October Baby is like three movies shoved into one. It’s a romance, a spring break movie, and the story of a young woman who finds out she was adopted after an attempted abortion. More of a focus is on the latter, but the film may have been a whole lot better with a little more of either of the former.
There are a lot of themes in the film that are about growing up as well as the choices people make that define who they become. In particular, scenes between newcomer actress Rachel Hendrix, who plays Hannah, and John Schneider, who plays her adoptive father, really resonate. There’s a lot of pain in many of their scenes, but an underlying tenderness and deep care for one another as the two are forced to forge new bonds after Hannah learns about her past.
There are a lot of broken moments and relationships that need a little fixing in October Baby, and, in many instances, this slows down the plot. Hannah’s in love with her best friend Jason (Jason Burkey), but despite his girlfriend being a total headcase, he just keeps dating her. Since Hannah isn’t aware at first of her unusual birth story, there are several random family and doctor scenes thrown in to address the “facts”. Finally, once Hannah finds the emotional fortitude to search for her mother, there are a lot of filler scenes leading up to the climactic moment.
To attempt to lighten the mood, Andrew and John Erwin throw in some comedic relief featuring American Idol’s Chris Sligh as an over-the-top automobile owner without a filter and James Austin Johnson as his hapless sidekick. He and the rest of a spring break crew are heading toward the town where Hannah’s birth mom supposedly lives and thus, extend a spot for her in their journey. Lively conversations from topics as diverse as tofu and the ramifications of drinking fill up the time Hannah spends with the goofball vacationers. I would have been content to watch these characters for a couple of hours.
Instead, the movie shoehorns away from its initial direction in order to spend more time with Hannah as she constantly verbalizes her mental issues. Yeah, Hendrix is good at playing Hannah, but watching a teen in crisis mope for most of an hour and a half can be a little much. If October Baby had cut down on the melodrama, not only from Hannah, but from some of the other characters, too, the film may have come across as a way more careful endeavor.
Because October Baby relishes in some of its most melodramatic moments, it’s harder to let some of the smaller issues slide. October Baby has some trouble figuring out the script’s direction and features some scenes where the background music overwhelms whatever is going on visually onscreen. These things might normally be forgotten in a more investing film, but they just keep on nagging in this one.
October Baby works best when Hannah is simply hanging out with people and learning to be a regular teenager. In the spring break moments and the time she spends with Jason, she is a more compelling college student working her way through some unusual hardships. In those moments, it’s easy to forget all of the political and emotional messages the story is trying to send out to its viewers and to just relish in a teen making her way in the universe the best she can. October Baby needed the whole “survivor of an abortion” idea to gain as much traction as it did, but it could have been better if it gave us a reason to really invest in the story and not simply sympathize with its heroine.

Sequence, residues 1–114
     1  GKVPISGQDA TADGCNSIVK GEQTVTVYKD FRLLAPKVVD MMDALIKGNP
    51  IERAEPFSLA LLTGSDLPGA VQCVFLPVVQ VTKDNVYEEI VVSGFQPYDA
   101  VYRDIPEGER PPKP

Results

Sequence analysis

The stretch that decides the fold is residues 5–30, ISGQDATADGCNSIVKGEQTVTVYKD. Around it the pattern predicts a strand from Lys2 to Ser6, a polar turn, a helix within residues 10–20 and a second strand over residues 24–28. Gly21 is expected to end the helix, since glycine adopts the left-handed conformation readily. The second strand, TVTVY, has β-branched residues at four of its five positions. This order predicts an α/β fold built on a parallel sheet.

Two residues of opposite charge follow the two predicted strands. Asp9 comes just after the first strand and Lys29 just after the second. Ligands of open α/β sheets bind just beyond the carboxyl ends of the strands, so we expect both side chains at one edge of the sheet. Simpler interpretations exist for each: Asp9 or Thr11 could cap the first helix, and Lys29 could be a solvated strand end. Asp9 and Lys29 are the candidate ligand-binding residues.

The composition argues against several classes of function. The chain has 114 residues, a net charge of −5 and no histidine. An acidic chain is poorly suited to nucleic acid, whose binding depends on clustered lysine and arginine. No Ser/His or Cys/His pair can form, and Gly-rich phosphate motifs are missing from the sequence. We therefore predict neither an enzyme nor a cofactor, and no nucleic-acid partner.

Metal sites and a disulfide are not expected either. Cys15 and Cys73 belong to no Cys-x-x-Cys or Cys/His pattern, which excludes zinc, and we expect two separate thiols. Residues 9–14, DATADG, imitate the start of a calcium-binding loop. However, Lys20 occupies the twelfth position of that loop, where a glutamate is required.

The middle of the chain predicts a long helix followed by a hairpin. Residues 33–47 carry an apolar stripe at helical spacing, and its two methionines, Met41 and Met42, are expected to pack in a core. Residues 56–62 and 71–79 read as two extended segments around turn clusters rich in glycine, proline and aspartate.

Usually the bonus features don’t lead off with the bloopers, but October Baby was smart enough to let it happen. “October Bloopers” are way better than the average bloopers on a disc. Actually, I’ll go so far as to say these are the best bloopers I’ve ever seen. These guys generally seem like they were up for anything and really had fun shooting on the set. Next, there are some deleted scenes, which mostly help to clarify stuff and add details to the plot, however, cutting most of these scenes seems to have somewhat streamlined the movie and cut out some of the unnecessary side plots.
The next segments, “Finding Hannah” and “Shari’s Story,” focus on some of the casting decisions and the way the actors who played Hannah and her birth mother were able to come to life onscreen. These, as well as the story behind the script, “Gianna Jessen: The Inspiration,“ help viewers to understand the intent and direction of the film.
“Singing the Praises of October Baby” follows a slew of musicians, producers, and even Fireproof director Alex Kendrick as they show up to talk about what they loved about the film. A few people talk about how nice the film was and how it took a totally unique plot and turned it into a great film. It’s a little indulgent, but if you liked the movie a lot, you’ll probably find a viewpoint or two to agree with, which is what October Baby is shooting for, anyway.
The last few segments aren’t throwaways, but they are less exciting than the other bonus features on the disc. A Q&A, a short artsy segment and the “Life is Beautiful” music video by The Afters (a band I am guessing has scuttled from bad name to bad name during the tenure of its existence) round out the special features. There are way more extras on this disc than your average low budget film and most of them are enjoyable. It isn’t perfect, but I was suitably impressed with the quality.